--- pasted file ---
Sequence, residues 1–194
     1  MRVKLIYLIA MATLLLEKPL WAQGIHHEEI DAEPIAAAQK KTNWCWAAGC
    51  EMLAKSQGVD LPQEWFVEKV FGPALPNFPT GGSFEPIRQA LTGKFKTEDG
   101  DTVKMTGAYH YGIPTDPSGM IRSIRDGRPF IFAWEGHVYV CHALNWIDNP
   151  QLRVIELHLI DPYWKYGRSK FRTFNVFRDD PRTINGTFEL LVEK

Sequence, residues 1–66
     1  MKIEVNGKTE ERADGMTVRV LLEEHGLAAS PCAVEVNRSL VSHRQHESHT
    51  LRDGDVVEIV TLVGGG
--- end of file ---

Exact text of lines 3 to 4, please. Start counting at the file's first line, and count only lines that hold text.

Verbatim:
    51  EMLAKSQGVD LPQEWFVEKV FGPALPNFPT GGSFEPIRQA LTGKFKTEDG
   101  DTVKMTGAYH YGIPTDPSGM IRSIRDGRPF IFAWEGHVYV CHALNWIDNP